Before the passage of the tax reform bill, only medical expenses that exceeded 10% of adjusted gross income (the amount you owe taxes on after all deductions have been made) qualified for the deduction.
Now, for the next two years, that threshold is 7.5%.
While that seems minor, this small difference adds up to big changes to what you may have to pay in taxes.
As a husband and father, I could say that the well-being and health of my wife and kids are of paramount importance to me personally.
That means, just like you, I'd spare no expense in making sure they get the medical treatment they need.
And that means a potential for huge medical bills and related expenses.
Let's say you're married with two children, and your adjusted gross income is $75,000.
Over the course of a year, let's assume you had to pay a total of $9,000 in out-of-pocket medical expenses to take care of all your family's illnesses and health concerns.
If we were still operating under the old tax code with a 10% threshold, you would've only been able to deduct medical expenses for anything greater than $7,500.
So, if you had $9,000 in medical expenses, you could only deduct $1,500.
Now, under the new tax law's lowered threshold, you can deduct anything over $5,625.
Because you paid $9,000 total, you would be able to deduct $3,375 from your taxable income—that's almost twice the deduction as previously possible.
And if you can make the most of your deductions, you can help maximize your tax refund.
Limited time to make use of this deduction. It should be noted, though, that this benefit may only be of use during this year's filings.
That's because to benefit from the medical-expense deduction, you'd have to itemize your deductions.
The new tax bill, though, increases the standard deduction (see our next tip below), meaning the medical expense deduction would be less effective in lowering what you owe.
Take advantage of the standard deduction
The tax system provides you with a choice: either add up all of your expenses—and provide the IRS proof of those expenses—or simply deduct a flat amount, no questions asked.
That flat amount is known as the standard deduction.
Unless you're making sizable donations and are writing off a lot of medical expenses that would make itemizing necessary, then your best bet would be to opt for the standard deduction.
That's because, under the new tax code, the standard deduction for individuals and couples significantly increases, making the threshold where itemizing makes sense almost unreachable.
The standard deduction nearly doubles under the new bill:
- from $6,350 to $12,000 for individuals and for married couples filing separately
- from $9,350 to $18,000 for heads of household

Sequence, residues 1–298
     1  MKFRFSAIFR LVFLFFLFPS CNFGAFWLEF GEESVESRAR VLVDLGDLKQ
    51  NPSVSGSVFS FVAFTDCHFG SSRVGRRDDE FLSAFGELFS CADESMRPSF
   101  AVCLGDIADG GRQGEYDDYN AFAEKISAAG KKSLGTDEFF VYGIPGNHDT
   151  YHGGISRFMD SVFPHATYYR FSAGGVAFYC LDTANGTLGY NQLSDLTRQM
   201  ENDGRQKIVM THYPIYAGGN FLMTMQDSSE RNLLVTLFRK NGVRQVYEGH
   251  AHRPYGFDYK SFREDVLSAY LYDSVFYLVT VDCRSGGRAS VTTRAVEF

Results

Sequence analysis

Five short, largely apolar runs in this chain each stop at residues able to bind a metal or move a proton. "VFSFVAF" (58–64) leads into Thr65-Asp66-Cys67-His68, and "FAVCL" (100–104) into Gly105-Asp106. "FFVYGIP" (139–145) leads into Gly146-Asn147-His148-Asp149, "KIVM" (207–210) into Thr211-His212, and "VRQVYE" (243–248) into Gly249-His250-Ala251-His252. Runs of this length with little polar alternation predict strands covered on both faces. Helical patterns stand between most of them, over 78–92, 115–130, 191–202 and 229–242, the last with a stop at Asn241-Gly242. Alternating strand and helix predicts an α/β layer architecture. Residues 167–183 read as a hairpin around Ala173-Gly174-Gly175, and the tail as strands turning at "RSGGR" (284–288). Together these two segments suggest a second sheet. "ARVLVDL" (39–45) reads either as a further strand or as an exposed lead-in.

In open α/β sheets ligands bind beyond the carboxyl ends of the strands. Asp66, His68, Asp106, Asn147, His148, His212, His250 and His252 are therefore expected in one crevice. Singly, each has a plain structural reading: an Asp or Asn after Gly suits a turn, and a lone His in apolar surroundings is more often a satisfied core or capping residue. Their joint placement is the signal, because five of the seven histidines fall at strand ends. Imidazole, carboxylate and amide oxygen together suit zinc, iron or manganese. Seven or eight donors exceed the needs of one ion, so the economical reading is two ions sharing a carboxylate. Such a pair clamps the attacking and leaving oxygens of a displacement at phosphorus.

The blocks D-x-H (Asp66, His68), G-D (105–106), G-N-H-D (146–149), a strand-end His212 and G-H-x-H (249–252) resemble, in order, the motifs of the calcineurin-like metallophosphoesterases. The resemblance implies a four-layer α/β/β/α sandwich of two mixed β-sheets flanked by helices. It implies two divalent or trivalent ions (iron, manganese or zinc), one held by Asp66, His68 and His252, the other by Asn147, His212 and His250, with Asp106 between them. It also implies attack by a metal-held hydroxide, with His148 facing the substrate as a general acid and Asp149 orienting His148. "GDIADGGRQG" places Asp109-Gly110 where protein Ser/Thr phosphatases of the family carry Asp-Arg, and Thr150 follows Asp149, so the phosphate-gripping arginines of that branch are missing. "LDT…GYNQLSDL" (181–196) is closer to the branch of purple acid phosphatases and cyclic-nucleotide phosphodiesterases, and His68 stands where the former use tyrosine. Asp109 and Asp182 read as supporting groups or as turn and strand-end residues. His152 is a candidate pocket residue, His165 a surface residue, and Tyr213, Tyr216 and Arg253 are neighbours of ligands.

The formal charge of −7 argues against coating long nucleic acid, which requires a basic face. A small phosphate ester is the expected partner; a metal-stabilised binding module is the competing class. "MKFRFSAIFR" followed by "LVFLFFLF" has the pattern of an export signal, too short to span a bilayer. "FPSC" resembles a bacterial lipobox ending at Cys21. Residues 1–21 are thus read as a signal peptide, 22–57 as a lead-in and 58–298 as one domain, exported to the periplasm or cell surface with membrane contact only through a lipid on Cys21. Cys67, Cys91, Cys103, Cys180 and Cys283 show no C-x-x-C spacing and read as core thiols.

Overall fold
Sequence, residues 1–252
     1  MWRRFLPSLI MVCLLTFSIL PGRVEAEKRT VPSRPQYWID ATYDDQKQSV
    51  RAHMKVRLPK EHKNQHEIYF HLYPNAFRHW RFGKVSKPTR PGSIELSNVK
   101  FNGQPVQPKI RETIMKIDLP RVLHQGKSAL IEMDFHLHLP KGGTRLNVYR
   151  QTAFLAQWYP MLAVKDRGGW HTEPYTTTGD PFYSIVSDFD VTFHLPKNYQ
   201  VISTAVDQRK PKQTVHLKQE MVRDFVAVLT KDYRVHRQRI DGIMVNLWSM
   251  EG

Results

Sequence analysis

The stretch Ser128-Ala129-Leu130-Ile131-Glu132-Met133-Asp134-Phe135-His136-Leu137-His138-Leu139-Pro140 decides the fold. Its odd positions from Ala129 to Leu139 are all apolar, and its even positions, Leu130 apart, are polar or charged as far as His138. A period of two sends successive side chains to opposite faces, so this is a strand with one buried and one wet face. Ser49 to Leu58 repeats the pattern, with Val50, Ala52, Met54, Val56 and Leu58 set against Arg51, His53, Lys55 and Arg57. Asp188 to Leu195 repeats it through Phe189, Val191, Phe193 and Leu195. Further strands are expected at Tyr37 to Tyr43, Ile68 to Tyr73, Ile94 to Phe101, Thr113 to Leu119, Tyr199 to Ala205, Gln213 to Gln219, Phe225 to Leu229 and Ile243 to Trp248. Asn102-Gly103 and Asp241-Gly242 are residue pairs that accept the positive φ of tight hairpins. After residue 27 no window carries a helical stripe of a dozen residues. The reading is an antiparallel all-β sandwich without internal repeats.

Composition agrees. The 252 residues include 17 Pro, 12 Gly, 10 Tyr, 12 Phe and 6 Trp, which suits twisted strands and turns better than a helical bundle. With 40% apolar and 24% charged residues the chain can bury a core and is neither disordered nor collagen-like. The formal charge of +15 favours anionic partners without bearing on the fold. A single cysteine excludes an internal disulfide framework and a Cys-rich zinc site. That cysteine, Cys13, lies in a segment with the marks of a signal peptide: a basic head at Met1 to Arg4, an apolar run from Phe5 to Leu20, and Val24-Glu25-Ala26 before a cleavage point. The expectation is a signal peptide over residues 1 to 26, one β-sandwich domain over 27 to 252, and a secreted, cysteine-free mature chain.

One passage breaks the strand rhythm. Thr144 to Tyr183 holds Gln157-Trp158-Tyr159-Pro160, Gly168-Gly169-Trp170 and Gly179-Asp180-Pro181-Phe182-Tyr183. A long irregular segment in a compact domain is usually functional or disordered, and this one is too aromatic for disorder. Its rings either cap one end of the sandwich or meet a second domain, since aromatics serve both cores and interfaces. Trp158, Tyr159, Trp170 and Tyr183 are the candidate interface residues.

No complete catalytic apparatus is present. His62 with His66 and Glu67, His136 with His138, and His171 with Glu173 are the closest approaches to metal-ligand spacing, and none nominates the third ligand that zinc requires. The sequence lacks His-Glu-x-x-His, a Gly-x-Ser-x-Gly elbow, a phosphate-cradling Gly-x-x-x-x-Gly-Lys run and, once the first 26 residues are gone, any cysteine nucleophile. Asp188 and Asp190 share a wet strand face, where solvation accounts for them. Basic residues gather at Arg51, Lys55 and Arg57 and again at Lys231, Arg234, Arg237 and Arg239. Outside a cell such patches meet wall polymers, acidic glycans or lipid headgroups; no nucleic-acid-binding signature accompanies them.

- and from $12,700 to $24,000 for married couples filing jointly
This is good news for two reasons:
Less bookkeeping and mistakes. If you itemize deductions, you better have proof—receipts, medical bills, etc.
If you're audited by the IRS (a review of your accounts and financial information to ensure you're complying) and you don't have proof of deductions you made, that can lead to serious fines and penalties.
Taking the standard deduction eliminates that worry.
It also helps avoid mistakes.
For instance, say you paid $9,500 in medical expenses, but while filling out your return you mistakenly write in $8,500.
That's now $1,000 more that you'll have to pay tax on.
Easily lower your taxable income. Unless you're extremely charitable, it's unlikely that your expenses are going to add up close to the $12,000 of the standard individual deduction.
But now, every taxpayer can automatically lower their taxable income by $12,000.
So, if your total income for the year is $58,000, your taxable income would only be $46,000.
Instead of paying $12,760 in taxes (as you'd fall in the 22% tax bracket), you'd owe $2,000 less at $10,120.
In other words, if you take advantage of the standard deduction, you can significantly—and easily—lower your taxable income and maximize your potential return.
Pay attention to changes in deductions and credits
Those who still opt to itemize their tax returns instead of taking the standard deduction need to be aware of changes in deductions and tax credits that will affect their filings.
The student loan deduction is still in place. Anyone paying off student loans can make a deduction of up to $2,500 in interest payments.
Notice that says "interest payments."
Let's say that, adding all of your student loan payments together, you paid $7,500.
If, according to your Form 1040 (the tax form your loan provider will provide you each tax season), $3,300 of that total went towards the interest on the loans, you can still only deduct $2,500.
You should shop around for students loans—or, potentially, refinancing options—to make sure you're not overpaying in interest.
Other deductions, however, have been altered or eliminated altogether.
Severe limits to insurance deductions. Payments made against casualty and theft losses can no longer be deducted unless they are related to a loss in a federally declared disaster area (we're talking hurricanes, wildfires, floods, etc.).
Several deductions were eliminated. Deductions that were removed from the tax code include the cost of tax preparation, investment fees, unreimbursed job expenses, and moving expenses.
Drastic changes to property taxes. Perhaps the largest change, though, is the change to how state and local taxes can be deducted.
Under current tax rules, state and local taxes (SALT) deductions are unlimited.